Liberia: Acute Water Shortage Makes Women Urinating in Buckets in GOL Ministries & Agencies
Monrovia – The acute shortage of water, which has hit some parts of Monrovia, is having a serious toll on one particular segment or gender of the society.
Report by Bettie K. Johnson-Mbayo, [email protected]
Female staffers in some government ministries and agencies have resulted in another means of easing themselves when nature calls.
FrontPageAfrica has been able to hear and see some of the very unorthodox means by which Liberian women in these places attend to nature when they are pressed.
This newspaper established that not a single drop of water can be found in bathrooms of some public institutions, including the Ministries of Commerce and Industry, Transport and Labor. All of these ministries are in diferent locations of Monrovia.
One agency where this newspaper also observed the same thing was at the Center for Archive on 12 Street in Sinkor.
FrontPageAfrica also noticed that in the bathrooms of one of the banks on Randall Street, there was not a drop of water to flush commodes after using them. Nevertheless, that didn’t stop women from going into those bathrooms. They, however, found different ways of easing themselves in those bathrooms, which were still opened to them and others. It was noticed that they were peeing in the bathroom buckets and emptying them (buckets) into the commodes since sitting or squatting over the commodes filled with raw urine, which have been unflushed for days, could create some health problems in their private parts.
Theresa (not her real name) said she had no option but to pee in the bucket as others were doing because she could not find herself using the commode.
“We leave home and spent our entire day here. If you were to look in my pants, you will see there are drops of urine. Some of us can fight to hold ourselves but it’s not always. I do not know why there is no water in any of the bathrooms. We just have to use the bathrooms. Who will hold me for urinating in the bucket?”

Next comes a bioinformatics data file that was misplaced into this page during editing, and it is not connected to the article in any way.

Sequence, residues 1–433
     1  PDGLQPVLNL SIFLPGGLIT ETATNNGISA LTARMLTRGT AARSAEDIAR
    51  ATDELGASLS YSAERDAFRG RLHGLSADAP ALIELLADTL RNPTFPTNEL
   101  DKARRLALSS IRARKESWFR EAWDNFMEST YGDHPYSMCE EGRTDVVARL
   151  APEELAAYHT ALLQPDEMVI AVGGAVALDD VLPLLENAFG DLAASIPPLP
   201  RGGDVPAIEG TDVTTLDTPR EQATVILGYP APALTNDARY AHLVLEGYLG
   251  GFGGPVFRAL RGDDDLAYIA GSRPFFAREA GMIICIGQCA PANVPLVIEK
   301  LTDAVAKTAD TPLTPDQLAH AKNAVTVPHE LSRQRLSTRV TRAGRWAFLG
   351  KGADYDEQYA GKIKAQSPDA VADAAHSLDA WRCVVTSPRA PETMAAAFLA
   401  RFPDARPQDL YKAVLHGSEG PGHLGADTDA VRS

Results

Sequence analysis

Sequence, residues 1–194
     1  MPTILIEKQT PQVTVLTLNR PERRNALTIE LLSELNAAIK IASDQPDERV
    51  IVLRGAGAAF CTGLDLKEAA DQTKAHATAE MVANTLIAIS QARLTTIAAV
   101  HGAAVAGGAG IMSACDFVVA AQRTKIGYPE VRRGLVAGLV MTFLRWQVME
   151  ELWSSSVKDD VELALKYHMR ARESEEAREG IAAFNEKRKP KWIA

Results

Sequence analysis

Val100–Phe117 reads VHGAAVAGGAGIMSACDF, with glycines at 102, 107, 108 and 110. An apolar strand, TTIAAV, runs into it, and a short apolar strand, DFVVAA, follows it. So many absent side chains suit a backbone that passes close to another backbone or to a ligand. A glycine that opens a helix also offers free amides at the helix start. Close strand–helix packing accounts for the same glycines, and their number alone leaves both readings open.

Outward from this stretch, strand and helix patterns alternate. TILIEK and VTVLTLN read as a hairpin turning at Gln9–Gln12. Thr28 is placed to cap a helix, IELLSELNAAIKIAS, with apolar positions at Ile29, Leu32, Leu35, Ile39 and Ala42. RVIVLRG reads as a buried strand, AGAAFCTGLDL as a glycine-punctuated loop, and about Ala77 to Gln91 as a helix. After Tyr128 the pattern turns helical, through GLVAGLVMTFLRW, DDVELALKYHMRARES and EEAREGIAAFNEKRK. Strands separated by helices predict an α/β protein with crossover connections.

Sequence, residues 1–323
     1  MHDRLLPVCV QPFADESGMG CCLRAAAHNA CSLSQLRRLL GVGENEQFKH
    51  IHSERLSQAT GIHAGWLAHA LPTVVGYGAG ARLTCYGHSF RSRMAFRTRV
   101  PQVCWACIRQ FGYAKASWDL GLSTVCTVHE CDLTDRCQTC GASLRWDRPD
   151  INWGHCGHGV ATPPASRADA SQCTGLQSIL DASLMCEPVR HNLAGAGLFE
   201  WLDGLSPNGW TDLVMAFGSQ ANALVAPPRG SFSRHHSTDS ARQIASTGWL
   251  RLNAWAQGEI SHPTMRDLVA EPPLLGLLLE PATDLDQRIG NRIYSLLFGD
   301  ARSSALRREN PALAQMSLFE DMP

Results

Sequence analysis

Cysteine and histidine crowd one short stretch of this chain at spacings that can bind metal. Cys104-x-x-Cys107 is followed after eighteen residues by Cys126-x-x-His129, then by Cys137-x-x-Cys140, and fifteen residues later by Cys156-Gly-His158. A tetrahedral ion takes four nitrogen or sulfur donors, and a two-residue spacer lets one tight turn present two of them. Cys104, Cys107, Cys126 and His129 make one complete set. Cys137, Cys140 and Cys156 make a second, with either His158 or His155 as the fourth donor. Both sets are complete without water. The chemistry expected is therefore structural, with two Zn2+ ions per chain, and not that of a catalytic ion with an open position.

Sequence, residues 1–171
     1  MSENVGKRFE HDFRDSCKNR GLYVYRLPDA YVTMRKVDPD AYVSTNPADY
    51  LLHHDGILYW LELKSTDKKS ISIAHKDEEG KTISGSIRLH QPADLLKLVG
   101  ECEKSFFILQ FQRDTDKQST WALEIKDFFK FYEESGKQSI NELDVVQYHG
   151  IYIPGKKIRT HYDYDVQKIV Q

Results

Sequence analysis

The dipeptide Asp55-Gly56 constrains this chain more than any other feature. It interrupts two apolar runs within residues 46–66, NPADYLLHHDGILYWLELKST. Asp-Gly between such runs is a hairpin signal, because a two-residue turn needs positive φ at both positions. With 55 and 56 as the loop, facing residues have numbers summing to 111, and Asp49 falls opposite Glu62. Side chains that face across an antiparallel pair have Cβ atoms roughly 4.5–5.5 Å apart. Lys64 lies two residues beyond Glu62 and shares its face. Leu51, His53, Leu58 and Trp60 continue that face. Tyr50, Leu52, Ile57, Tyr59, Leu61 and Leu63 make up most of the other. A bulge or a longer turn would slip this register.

Like Theresa, Felecia has to urinate in a pan that is used to dip water from the water drum. She pointed to the empty container in the bathroom. It hasn’t been filled or recieved a drop of water for days as the spider webs were seen on its bottom.
FrontPageAfrica also noticed that some women leave their places of work sooner so as to avoid them being embarrassed. They also to find suitable places to attend nature’s call.
Siatta sits at a nearby entertainment center that has a reservoir according to her. She is comfortable there because when she feels like going to the restroom, she freely goes instead of using the bucket like her colleagues.
Some employees of the Liberia Maritime Authority (LMA), which is adjacent and opposite to Hotel 71 and Access Bank on 20th Street, Sinkor, explained that in order for them to use the bathrooms of those entities, they go in pretending that they have gone to do business with them.
Medical experts have warned that even though women are trying to prevent themselves from being contaminated, their new method is still risky to thier health as they are urinating in one bucket that is not being rinsed after use. They furhter warned that such act increases the risk of sexually transmitted infection by direct contact since the bucket is not used by one person.